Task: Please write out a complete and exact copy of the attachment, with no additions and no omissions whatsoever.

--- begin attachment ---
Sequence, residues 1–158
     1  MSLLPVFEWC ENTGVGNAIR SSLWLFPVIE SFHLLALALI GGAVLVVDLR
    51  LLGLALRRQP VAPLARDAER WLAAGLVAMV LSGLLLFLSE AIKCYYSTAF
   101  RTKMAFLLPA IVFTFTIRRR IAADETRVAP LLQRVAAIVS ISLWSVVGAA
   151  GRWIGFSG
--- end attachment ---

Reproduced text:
Sequence, residues 1–158
     1  MSLLPVFEWC ENTGVGNAIR SSLWLFPVIE SFHLLALALI GGAVLVVDLR
    51  LLGLALRRQP VAPLARDAER WLAAGLVAMV LSGLLLFLSE AIKCYYSTAF
   101  RTKMAFLLPA IVFTFTIRRR IAADETRVAP LLQRVAAIVS ISLWSVVGAA
   151  GRWIGFSG